The Most Accurate English Speakers Can Pronounce Every Word in This Poem From the 1920s

English is a super hard language to master – whether it’s your native tongue or a second (or third) language, chances are you still make plenty of mistakes. We don’t remember everything from school, all of the rules and the ways it breaks those rules, and of course, there are regional quirks that make our way not technically correct.

All of that adds up to the reasons this 1920s poem is so difficult to get right. In fact, only the most elite English speakers will nail every last word.

Image Credit: Pixabay

If you think that describes you, well, give it a go! And for the rest of us, we’ll just be playing along for sh*ts and giggles.

The poem is titled The Chaos, written by Dutch writer, traveler, and educator Gerard Nolst Trenite, and as you can see from the first eight lines, we’re not fooling around.

Dearest creature in creation,
Study English pronunciation.
I will teach you in my verse
Sounds like corpse, corps, horse, and worse.
I will keep you, Suzy, busy,
Make your head with heat grow dizzy.
Tear in eye, your dress will tear.
So shall I! Oh hear my prayer.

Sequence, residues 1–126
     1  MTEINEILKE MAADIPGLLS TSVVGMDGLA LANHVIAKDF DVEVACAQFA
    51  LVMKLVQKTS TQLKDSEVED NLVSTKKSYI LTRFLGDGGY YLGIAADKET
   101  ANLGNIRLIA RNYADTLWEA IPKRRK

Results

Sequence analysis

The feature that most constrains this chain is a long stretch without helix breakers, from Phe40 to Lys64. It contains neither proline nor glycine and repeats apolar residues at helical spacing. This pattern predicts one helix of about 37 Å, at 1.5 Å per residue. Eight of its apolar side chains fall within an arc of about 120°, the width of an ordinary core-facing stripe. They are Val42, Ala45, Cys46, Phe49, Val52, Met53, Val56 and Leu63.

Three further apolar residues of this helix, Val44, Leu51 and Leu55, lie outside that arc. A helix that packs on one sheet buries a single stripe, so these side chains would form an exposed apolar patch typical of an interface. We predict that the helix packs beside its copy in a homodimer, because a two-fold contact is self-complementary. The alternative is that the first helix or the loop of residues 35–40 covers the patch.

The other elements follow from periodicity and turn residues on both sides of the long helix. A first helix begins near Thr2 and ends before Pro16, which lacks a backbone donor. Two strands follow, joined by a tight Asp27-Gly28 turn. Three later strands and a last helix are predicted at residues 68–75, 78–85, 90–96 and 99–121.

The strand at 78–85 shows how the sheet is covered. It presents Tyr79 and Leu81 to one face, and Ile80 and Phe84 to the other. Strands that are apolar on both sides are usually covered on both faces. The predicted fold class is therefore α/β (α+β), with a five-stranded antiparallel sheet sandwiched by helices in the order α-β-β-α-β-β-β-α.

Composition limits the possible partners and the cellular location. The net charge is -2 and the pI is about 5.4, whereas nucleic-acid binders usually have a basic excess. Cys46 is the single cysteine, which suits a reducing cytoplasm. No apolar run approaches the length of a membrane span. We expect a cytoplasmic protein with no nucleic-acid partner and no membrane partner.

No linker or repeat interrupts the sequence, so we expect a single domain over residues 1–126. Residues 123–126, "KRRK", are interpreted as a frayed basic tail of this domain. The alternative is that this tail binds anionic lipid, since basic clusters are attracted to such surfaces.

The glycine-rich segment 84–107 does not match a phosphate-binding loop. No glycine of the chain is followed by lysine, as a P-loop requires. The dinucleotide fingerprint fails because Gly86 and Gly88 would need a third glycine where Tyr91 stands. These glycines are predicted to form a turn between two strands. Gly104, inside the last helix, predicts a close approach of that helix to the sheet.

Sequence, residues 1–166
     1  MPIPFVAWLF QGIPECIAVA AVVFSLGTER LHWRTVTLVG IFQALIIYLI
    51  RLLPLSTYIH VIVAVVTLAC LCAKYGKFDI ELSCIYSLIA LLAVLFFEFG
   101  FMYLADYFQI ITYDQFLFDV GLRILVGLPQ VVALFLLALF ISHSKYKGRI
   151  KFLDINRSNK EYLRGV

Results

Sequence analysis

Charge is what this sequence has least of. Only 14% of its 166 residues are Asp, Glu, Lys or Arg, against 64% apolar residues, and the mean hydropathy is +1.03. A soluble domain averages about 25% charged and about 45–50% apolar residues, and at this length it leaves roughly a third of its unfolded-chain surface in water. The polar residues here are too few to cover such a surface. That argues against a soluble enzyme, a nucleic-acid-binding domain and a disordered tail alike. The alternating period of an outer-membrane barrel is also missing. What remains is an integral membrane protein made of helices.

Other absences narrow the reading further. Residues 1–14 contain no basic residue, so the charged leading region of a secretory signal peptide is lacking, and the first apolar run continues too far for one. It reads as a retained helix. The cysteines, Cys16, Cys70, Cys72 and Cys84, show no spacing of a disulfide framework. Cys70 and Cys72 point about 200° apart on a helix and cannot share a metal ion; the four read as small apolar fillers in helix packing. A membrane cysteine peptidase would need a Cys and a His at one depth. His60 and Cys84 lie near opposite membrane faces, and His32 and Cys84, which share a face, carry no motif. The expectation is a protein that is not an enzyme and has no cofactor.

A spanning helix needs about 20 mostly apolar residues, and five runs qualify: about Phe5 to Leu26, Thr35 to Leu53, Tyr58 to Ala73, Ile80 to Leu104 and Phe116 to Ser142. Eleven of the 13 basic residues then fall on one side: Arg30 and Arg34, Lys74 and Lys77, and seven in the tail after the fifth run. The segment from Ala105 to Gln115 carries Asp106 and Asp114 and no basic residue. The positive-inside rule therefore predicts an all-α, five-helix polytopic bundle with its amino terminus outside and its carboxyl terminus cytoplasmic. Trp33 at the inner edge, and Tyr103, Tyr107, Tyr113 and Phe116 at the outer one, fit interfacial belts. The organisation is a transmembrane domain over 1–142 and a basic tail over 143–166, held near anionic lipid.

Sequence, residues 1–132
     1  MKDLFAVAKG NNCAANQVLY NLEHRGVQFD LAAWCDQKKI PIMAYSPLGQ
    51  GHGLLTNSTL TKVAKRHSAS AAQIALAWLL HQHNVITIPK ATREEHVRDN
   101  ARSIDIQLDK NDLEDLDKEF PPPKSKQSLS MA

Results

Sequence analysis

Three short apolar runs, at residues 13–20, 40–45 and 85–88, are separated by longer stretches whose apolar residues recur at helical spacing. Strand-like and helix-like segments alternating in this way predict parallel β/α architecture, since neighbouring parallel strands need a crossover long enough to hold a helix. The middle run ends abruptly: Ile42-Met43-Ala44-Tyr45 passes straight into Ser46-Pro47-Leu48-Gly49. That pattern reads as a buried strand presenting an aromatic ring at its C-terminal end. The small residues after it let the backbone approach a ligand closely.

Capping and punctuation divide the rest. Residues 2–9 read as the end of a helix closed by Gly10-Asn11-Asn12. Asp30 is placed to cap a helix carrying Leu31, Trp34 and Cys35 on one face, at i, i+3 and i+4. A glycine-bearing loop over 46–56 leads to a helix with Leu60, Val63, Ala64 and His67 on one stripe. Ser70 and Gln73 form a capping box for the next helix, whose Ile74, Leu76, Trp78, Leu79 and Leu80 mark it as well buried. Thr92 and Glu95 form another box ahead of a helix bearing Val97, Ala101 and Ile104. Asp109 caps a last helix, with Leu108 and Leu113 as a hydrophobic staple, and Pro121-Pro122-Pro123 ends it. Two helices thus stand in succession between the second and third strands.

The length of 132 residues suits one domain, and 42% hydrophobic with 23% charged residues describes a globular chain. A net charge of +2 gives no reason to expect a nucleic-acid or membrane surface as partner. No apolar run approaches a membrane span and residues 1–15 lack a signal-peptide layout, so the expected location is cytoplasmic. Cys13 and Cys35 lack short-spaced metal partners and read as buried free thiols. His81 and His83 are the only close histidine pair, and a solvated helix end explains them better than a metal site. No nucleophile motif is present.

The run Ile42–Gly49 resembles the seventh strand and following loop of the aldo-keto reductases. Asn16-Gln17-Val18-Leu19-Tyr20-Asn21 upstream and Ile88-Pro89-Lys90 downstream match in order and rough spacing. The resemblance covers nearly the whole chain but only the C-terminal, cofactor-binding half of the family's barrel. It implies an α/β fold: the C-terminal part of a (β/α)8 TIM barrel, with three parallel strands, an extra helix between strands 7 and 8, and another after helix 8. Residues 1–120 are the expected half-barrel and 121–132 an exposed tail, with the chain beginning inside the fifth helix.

The poem is obviously meant to drive people crazy – all 146 lines of it.

What’s more? The English Spelling Society published an extended version, featuring 274 lines, in the 1990s.

Trenite, in case you’re wondering, wasn’t a masochist; he was a private tutor who spent his time teaching young wealthy Dutch men to drop their foreign accents when speaking English.

Photo Credit: Photo Credit: Pixabay

The complete version of the poem contains around 800 examples of irregular spelling and pronunciation, though some words are fairly antiquated and not really in use. This will make it harder for modern readers, since some words won’t be familiar at all, but the Society maintains its integrity.

“The selection of examples now appears somewhat dated, as do a few of their pronunciations.

Indeed a few words may even be unknown to today’s readers (how many will know what a ‘studding-sail’ is, or that its nautical pronunciation is ‘stunsail’?) and not every rhyme will immediately ‘click’ (‘grits’ for ‘groats’?) but the overwhelming bulk of the poem represents as valid an indictment of the chaos of English spelling as it ever did.”

If you want to give it a try, pull up the PDF. Read along with the video below to make sure you’re getting it all right, and good luck!

I haven’t tried this yet, but I’m definitely going to (even though I have no expectation that I will get even half of it right!).

If you do it, please share your results. And don’t worry; no judging.